In 2014, following a grassroots activist campaign, the new bridge over the River Liffey was named after the revolutionary and trade union activist, Rosanna ‘Rosie’ Hackett (1893-1976). From an early age Hackett, a working-class Dublin woman, was involved in trade unionism, nationalism and the fight for women’s rights. She was at various times a member of the Irish Women Workers’ Union, the Irish Citizen Army and Cumann na mBan. She was involved in the 1913 Lockout, the 1916 Rising, the War of Independence; she spent over 50 years as a trade union activist working in Liberty Hall. Naming a major structure in the capital city after this ‘unknown’ woman honours the contributions of many other unknown women to modern Irish history. In this collection historians and activists bring to light more of those hidden histories of Irish women’s political, militant and trade union activism.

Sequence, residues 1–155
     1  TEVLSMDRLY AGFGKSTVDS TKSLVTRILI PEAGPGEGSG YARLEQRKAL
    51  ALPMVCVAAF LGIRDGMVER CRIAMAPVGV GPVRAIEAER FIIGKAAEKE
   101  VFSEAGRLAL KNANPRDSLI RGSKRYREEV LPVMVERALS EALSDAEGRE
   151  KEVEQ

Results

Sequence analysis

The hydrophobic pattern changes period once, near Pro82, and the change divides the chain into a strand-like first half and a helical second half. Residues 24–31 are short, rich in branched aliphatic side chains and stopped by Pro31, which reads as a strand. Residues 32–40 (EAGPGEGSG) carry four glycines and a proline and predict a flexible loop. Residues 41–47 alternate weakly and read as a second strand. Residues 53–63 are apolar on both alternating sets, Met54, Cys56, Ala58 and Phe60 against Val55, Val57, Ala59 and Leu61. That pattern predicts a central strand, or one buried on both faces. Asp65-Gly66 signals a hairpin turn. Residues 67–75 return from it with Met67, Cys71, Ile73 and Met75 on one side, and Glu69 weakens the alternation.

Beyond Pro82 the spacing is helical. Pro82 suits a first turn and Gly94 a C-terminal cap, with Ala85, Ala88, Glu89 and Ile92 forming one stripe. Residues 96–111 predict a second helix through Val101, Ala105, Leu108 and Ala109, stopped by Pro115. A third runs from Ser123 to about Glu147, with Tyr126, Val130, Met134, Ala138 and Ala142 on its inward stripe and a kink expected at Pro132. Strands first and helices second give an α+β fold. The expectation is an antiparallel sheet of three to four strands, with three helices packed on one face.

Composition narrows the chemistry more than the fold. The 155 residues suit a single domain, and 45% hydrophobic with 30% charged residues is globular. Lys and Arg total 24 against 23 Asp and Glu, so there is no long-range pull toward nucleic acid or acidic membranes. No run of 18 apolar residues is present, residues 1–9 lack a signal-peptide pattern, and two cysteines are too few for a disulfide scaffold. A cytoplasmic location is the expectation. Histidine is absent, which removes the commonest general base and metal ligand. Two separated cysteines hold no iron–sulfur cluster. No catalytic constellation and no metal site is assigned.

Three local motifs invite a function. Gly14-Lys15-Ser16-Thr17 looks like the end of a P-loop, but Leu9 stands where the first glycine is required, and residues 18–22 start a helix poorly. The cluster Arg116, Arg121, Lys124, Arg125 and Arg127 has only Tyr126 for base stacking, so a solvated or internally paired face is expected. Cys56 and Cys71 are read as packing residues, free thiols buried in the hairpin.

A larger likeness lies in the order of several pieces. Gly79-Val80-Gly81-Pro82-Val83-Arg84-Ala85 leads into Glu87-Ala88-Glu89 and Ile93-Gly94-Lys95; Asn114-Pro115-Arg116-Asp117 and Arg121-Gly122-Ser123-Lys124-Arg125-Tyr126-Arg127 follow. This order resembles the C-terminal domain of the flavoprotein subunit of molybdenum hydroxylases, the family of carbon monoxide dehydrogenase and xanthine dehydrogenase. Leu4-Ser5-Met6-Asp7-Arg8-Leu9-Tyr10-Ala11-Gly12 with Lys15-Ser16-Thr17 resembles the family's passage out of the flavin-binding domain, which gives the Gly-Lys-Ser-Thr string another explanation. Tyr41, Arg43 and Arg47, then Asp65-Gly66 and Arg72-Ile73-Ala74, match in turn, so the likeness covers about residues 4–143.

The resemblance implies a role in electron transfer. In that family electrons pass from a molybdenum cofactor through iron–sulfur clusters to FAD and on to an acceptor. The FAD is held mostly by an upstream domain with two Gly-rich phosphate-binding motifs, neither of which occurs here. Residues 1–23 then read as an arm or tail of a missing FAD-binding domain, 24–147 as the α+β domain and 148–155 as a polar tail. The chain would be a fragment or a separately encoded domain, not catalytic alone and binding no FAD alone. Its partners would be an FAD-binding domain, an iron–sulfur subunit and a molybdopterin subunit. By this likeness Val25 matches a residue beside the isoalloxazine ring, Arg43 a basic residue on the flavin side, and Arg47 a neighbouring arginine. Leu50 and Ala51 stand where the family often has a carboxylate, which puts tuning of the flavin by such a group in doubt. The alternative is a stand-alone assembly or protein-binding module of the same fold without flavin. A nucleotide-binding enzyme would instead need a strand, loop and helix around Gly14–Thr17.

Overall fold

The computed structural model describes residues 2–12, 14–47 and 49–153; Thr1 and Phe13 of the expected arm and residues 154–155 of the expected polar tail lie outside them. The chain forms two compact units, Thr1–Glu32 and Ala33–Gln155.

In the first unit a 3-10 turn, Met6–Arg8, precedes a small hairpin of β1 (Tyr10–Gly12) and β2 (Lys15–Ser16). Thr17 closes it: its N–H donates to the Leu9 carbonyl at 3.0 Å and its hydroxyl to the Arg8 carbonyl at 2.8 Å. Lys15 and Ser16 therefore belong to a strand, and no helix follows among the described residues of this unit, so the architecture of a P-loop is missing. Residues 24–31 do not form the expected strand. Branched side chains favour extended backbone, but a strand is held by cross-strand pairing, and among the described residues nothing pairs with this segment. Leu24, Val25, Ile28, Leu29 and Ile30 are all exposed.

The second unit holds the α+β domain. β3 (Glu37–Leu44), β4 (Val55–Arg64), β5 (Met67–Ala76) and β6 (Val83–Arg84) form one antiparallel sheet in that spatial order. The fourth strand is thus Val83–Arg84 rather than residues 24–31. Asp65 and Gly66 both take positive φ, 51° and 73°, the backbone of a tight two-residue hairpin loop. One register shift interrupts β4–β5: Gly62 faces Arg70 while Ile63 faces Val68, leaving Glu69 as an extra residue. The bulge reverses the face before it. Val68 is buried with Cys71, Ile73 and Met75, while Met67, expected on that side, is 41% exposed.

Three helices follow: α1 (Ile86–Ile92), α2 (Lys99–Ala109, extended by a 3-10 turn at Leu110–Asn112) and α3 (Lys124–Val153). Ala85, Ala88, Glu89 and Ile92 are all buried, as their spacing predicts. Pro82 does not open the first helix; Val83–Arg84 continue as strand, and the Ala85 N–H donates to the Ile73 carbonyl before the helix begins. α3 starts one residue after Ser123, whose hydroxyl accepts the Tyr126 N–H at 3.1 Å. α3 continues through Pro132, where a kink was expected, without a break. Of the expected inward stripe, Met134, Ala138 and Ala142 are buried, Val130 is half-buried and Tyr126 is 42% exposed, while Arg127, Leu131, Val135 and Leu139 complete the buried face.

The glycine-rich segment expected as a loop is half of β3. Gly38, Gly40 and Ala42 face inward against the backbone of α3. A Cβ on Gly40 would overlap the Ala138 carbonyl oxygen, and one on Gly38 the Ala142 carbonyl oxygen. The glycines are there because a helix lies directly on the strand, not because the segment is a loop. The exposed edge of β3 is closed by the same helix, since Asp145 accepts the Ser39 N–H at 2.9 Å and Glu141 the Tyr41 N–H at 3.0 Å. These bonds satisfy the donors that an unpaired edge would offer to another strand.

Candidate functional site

Mary McAuliffe is a historian and lecturer in Women's Studies at UCO. She is past President of the Women's History Association of Ireland (WHAi) and a committee member of the Irish Association of Professional Historians (IAPH).
Distributed for Arlen House
5.5 x 8.5, 124 pages